All eyes on Nike and Kaepernick

Ted MarzilliCEO YouGov Direct
September 12, 2018, 5:00 PM GMT+0

The brand’s Ad Awareness and Word of Mouth metrics hit all-time highs

If attention is what Nike wanted to help commemorate the 30th anniversary of its "Just Do It" ad campaign, then the series’ latest installment featuring former NFL quarterback Colin Kaepernick appears to be a major success.

According to new data from YouGov Plan & Track, 50% of all US consumers aged 18+ now report seeing an advertisement for Nike in the past two weeks. This marks the brand’s highest Ad Awareness score since YouGov began tracking the metric in late 2012. On September 3, the day Kaepernick tweeted a tease of the spot, 33% of people said they’d recently come across an ad for Nike.

Likewise, Nike’s Word of Mouth score — which asks American adults if they’ve discussed a particular brand with friends or family members in the past two weeks — has also reached a new high. At present, 46% of shoppers recall talking about Nike. On September 3, just 23% said the same.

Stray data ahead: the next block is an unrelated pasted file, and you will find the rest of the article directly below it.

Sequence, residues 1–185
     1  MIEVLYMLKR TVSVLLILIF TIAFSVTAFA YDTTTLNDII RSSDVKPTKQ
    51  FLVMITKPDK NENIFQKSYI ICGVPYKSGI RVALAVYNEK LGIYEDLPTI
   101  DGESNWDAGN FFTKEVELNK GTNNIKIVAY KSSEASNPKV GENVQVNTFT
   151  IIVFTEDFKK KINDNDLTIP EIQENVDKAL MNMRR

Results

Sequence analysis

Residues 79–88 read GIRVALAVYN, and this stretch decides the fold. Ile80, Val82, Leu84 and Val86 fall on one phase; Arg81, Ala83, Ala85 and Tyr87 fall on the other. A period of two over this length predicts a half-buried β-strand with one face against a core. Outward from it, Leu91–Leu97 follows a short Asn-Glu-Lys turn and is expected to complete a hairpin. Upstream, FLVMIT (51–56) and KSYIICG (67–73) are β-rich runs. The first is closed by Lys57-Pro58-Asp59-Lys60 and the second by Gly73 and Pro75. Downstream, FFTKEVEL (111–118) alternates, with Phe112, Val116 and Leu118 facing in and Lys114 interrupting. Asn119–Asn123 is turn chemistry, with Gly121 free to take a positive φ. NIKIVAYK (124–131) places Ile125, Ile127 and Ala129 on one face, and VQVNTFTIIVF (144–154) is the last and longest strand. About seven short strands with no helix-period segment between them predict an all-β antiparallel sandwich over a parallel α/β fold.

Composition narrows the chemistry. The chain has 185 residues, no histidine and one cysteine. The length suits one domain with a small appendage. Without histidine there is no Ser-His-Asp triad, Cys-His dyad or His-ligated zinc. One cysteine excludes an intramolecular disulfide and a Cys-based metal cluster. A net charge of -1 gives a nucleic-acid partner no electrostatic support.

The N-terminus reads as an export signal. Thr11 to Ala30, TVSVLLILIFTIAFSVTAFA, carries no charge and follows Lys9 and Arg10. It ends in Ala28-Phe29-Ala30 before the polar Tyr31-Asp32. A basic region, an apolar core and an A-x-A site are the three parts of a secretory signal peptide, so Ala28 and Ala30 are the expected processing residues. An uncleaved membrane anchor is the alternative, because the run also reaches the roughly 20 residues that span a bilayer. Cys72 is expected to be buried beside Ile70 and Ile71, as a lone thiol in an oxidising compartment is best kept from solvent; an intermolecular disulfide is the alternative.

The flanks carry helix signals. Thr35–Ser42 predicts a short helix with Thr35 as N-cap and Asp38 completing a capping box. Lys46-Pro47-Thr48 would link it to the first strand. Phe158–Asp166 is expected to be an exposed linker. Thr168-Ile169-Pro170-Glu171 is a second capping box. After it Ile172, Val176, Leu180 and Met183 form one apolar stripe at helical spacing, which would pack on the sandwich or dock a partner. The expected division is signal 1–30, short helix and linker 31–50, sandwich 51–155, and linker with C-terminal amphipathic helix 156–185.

At the same time, early evidence suggests that fewer people are interested in buying what Nike’s offering. Since Kaepernick’s tweet, Nike’s Purchase Consideration score — which gauges the percentage of US consumers aged 18+ open to purchasing goods from a specific brand when next in the market for clothing or sneakers — has dropped from 43% to 31%.

Brands that might benefit from this change in attitude are Nike’s rivals. Following Kaepernick’s tweet, New Balance, Under Armour, Puma, Adidas, and Reebok have all seen slight bumps in Purchase Consideration among shoppers who are not open to buying Nike. Adidas has experienced the largest increase, climbing from 8% to 18%. New Balance has experienced the smallest, moving from 26% to 31%.

As noted earlier, YouGov data shows that current Nike customers have a more positive opinion of Colin Kaepernick than the general public. Furthermore, Nike customers also appear more receptive to brands taking a stand on current social issues than the average US adult.

Photo: Getty

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